My English 204 students can now say they have read Charlotte’s Web. Again. I didn’t realize how strange that book is when I read it as a child. Two things are insanely weird about it:
- Fern’s mother is worried that, at the age of 8, Fern spends more time with her animal friends than she does with boys. She is so worried, in fact, that she talks with their family doctor about it. Eventually, still at the age of 8, her mother rejoices when Fern goes for a Ferris wheel ride with a boy, and for some reason Fern lingers over that moment for the rest of the story. Heteronormativity anyone?
- In the opening scene of the book Avery, Fern’s brother, takes a toy gun and a toy knife with him to school. When I was younger, I suppose several of my friends did the same thing, but having taught in a school where a first grader brought a real gun to school, I have to say that I am not for Avery carrying weapons with him on the bus.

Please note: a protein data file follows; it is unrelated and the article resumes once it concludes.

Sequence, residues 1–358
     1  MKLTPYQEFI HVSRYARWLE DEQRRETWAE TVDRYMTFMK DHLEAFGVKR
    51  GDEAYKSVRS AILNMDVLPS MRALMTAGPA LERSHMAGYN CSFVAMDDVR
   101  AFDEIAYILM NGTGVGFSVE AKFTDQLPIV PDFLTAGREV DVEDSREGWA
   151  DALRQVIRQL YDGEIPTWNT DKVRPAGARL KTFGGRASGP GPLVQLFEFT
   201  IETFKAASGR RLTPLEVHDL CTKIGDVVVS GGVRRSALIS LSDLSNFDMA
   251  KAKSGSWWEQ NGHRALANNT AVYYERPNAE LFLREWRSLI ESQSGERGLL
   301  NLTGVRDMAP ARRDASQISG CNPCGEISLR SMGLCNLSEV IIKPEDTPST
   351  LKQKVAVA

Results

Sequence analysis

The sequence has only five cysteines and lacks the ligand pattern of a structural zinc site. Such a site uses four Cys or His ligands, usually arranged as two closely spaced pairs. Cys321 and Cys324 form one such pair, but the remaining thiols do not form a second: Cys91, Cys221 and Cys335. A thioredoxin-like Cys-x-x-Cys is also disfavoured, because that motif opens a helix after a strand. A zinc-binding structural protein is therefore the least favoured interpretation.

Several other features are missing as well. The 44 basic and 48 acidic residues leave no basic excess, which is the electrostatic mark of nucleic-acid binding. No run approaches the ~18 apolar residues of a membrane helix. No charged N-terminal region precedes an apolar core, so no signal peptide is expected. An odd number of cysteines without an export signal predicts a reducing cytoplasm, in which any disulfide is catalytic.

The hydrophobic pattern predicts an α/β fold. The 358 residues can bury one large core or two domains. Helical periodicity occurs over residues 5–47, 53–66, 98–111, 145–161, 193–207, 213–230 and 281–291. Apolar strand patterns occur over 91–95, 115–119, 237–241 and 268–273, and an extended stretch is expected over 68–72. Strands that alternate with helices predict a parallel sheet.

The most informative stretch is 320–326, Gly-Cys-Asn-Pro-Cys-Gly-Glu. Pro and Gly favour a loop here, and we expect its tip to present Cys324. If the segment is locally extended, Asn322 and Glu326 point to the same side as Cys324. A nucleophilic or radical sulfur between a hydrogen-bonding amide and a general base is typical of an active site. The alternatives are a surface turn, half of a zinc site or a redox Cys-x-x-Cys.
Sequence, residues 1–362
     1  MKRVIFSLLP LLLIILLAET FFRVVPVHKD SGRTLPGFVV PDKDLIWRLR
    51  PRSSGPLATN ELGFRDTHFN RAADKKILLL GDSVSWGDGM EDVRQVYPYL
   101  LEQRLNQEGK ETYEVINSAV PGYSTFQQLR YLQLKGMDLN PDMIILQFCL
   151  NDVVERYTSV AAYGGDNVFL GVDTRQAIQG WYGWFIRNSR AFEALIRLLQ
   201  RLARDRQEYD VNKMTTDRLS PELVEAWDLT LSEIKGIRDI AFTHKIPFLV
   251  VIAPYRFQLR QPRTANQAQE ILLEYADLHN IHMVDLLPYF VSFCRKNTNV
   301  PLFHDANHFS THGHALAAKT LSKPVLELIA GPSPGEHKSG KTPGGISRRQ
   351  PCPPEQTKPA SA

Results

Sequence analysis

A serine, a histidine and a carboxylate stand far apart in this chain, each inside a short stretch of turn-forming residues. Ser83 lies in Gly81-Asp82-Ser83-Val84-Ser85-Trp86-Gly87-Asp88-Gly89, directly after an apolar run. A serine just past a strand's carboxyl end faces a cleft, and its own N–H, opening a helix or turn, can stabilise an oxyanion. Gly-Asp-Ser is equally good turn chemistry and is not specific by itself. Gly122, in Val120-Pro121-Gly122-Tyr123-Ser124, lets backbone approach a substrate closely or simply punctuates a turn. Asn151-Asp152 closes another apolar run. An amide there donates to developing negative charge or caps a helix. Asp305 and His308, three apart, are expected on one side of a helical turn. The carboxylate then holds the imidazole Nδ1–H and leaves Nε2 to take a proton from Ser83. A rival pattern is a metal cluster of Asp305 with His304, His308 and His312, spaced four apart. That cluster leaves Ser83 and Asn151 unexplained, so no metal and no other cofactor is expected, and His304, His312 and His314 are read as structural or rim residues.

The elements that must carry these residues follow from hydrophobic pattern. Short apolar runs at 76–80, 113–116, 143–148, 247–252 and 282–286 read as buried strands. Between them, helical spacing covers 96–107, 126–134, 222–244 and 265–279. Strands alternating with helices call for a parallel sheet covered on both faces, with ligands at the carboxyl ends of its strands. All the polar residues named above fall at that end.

It is definitely interesting to see how drastically children’s literature has changed in just the past 50 years, and the one thing I like about our textbook is that it shows how writing for children has evolved from non-existence to high-quality books written especially with children of different developmental levels in mind.
I am thankful for my students and the ways they challenge me and each other.
Food: banana, juice, pure bar, chocolate milk, vegan lasagna, apple, cheese, almonds, decaf americano, Tootsie rolls, frozen pablano pepper thingies, ice cream with strawberries
Exercise: ran three miles and walked the dogs